Life Lessons Learned Through Sport
When Doc Rivers was the coach of the Boston Celtics his friend, Bill Belichick, asked him to speak to his New England Patriot team. As the players gathered, Rivers noticed that Tom Brady sat down in the front row and pulled out a notebook. Rivers, who was a successful and established coach, became a little nervous. Arguably the greatest quarterback in NFL history was on the edge of his seat eager to take in his words. Brady was there to learn. He is a notetaker.
Look for the Notetakers:
Do you know what is undervalued? Notetakers. People who see every interaction as an opportunity to grow.
Many of my coaching colleagues will use phrases like, "it takes zero ability to listen." The thinking is that certain attributes: size, speed, athleticism and others are innate. What you can control, according to most coaches, are things such as your energy level, hustle, zest and attitude.
It is an unpopular take, but I believe the "controllable" things listed above are not given the proper value they deserve. By nature, some people are more curious than others. Also, the way one is raised plays a role in their quest for knowledge acquisition. Sure, you can be intentional about trying to improve these skills, but it comes much easier for some folks than others.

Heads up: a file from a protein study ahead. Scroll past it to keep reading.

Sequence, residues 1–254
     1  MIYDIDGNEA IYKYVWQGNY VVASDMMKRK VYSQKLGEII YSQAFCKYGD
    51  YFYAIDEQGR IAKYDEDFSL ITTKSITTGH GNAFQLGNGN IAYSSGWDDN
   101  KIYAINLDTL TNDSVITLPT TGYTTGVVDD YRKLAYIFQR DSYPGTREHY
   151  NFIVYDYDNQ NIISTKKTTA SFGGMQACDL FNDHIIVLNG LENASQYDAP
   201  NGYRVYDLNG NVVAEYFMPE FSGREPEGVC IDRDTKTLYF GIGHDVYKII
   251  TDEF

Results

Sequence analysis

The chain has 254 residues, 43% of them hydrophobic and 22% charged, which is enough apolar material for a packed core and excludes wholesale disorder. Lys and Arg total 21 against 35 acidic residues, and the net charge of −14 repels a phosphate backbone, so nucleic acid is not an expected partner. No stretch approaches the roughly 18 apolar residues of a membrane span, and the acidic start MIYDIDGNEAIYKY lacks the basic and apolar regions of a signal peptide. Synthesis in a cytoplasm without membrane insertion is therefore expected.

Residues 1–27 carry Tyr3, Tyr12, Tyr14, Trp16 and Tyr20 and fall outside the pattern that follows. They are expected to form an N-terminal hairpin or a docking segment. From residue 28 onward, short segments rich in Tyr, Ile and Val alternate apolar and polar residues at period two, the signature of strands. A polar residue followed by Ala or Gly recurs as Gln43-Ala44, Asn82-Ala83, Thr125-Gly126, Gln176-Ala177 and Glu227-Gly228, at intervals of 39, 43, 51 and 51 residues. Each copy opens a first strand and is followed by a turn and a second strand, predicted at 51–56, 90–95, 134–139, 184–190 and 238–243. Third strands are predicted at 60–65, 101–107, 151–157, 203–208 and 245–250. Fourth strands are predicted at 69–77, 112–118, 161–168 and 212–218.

One reason I believe curiosity is undervalued is because an intense learner typically is passionate about the subject. And, when you are passionate about the subject you become obsessed with learning. The learning then leads to growth.
How are you as a listener at meetings? How is your body language? Are you listening with your eyes? Head nodding?
I ask these questions because after speaking to professionals for the last several years I've been amazed at the disengagement I frequently witness from leaders of organizations. The same people that impress upon their employees the importance of emotional commitment are less than present when others are speaking.
I challenge you to be a notetaker in every situation you encounter. There is always something to learn. And, modeling this curiosity will set the tone for everyone in the organization.
As a coach, I can tell the athletes who are going to thrive in our program. They crave new information. They are excited and engaged in meetings. They are constantly looking for an edge. Athletes can try to trick you for a little while. They can force head nods or sit in the front row. Over time, however, those tricks get exposed.
Whatever your line of work, I encourage you to seek the notetakers. These folks won't be as easy to identify as the ones who typically grab your attention: the loud person, the brilliant person, or the squeaky wheel. In the short-term, they may not appear as valuable, but in the long-term notetakers will enhance your team. Coaches fall in love with athleticism; it's easy to see and oftentimes overvalued. What traits are you overvaluing because it is easy to identify? Have you underappreciated a notetaker?
Make it a great week,
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